Twitter has proven once and for all that sometimes less is more, that David can beat Goliath, and maybe even that the bigger they are, the harder they fall.

Michael Hickins, Contributor

June 16, 2009

3 Min Read

Twitter has proven once and for all that sometimes less is more, that David can beat Goliath, and maybe even that the bigger they are, the harder they fall.Twitter has accomplished all this by being able to slip through the bandwidth bottleneck fashioned by Iranian mullahs intent on keeping news of dissent corked up in their country.

Twitter has played such a crucial role in helping Iranians communicate amongst each other and with the outside world that the U.S. State Department has asked Twitter to postpone maintenance work that would have brought the service down temporarily.

It has even inspired some lamebrains to claim that the Tweets heard 'round the world are actually the work of the Israeli secret service, an idea thoroughly debunked by Chris Anderson of TED, but worthy of mention only because it illustrates the proportions that this social phenomenon has taken.

Because the service is so light, it can even be accessed using a dial-up connection -- in other words, short of shutting down the country's entire communications infrastructure, the Iranian government cannot filter out all the dissident Tweets.

Harvard's Jonathan Zittrain explains why Twitter is capable of delivering what other services cannot:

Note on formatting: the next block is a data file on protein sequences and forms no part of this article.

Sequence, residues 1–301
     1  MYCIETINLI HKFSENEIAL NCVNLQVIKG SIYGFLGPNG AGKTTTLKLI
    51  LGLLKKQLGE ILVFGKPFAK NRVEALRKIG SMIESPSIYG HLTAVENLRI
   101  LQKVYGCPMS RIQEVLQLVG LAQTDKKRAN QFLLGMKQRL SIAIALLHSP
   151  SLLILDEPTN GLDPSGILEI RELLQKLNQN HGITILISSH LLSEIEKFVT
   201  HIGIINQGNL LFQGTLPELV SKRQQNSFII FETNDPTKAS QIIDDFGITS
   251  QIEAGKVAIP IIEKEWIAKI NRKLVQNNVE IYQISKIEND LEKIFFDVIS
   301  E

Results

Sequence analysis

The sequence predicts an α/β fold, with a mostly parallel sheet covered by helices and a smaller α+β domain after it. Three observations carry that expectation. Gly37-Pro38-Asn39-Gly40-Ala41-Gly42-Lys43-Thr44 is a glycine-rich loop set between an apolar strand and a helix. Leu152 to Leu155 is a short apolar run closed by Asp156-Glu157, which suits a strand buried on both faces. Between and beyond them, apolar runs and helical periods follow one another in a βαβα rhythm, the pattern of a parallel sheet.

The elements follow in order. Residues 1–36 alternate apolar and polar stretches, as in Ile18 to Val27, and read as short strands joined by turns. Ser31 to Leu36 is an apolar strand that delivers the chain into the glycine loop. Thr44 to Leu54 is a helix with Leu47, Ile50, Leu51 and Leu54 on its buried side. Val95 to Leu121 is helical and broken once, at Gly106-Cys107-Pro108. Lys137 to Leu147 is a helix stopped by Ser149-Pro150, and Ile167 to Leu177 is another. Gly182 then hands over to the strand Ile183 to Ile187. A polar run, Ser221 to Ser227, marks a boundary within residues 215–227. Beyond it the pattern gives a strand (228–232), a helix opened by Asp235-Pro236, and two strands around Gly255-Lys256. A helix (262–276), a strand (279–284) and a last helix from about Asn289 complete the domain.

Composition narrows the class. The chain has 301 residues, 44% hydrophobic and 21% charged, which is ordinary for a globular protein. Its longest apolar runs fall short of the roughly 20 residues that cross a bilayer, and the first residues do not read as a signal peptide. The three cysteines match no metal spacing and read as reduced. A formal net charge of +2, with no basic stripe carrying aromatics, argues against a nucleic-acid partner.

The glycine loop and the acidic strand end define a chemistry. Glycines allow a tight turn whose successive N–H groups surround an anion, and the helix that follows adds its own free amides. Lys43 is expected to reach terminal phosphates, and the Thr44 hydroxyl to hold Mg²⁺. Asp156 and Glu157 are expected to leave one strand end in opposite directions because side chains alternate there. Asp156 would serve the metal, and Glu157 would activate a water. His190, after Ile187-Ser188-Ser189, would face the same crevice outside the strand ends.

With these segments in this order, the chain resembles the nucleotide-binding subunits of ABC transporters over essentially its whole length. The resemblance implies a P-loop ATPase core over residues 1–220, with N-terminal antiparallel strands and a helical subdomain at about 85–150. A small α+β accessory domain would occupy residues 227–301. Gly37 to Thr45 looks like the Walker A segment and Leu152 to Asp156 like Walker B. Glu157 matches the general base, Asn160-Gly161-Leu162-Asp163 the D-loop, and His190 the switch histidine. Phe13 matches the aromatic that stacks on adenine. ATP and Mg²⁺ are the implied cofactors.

it'd be trivial for the Iranian government to block access to Twitter as it could to any particular Web site... but Twitter isn't just any particular Web site. It's an atom designed to be built into other molecules. More than most, Twitter allows multiple paths in and out for data... The very fact that Twitter itself is half-baked, coupled with its designers' willingness to let anyone build on top of it to finish baking it... is what makes it so powerful. There's no easy signature for a tweet-in-progress if its shorn of a direct connection to the servers at And with so many ways to get those tweets there and back without the user needing, it's far more naturally censorship resistant than most other Web sites.

This isn't to say that Iranian Tweeters aren't facing monumental challenges, as the Guardian reports:

Iran's government appears to be selectively shutting down parts of the mobile phone network... In countries like Iran and China, the government controls much of the infrastructure and can cut down on the number of alternate pathways to uncensored information.

Fortunately, Iranian dissidents are at least as capable of handling the technology as anyone in the West, as illustrated by this series of Tweets aggregated by Andrew Sullivan:

"JUST IN: Iran blocking #iranelection tags. Migrate to #iran9 hashtag instead."


Satellite TV is jammed... Internet is slow... Cell phone service coming and going... the night is coming in... this makes one worried

Nor do they lack in courage (not to mention fatalistic humor):

@BabakMehrabani is saying that he was beaten by a baton and his right hand is numb. He is twitting with the left hand.

Clay Shirky provides a great explanation of how cell phones and Twitter can "make history," and history is indeed being made right now.

But what's most appealing about Twitter is the idea that a very small thing with an innocuous name symbolizing the chirping of a sparrow can be wielded by a small group of people to outwit and, perhaps, defeat the weaponized forces of oppression.

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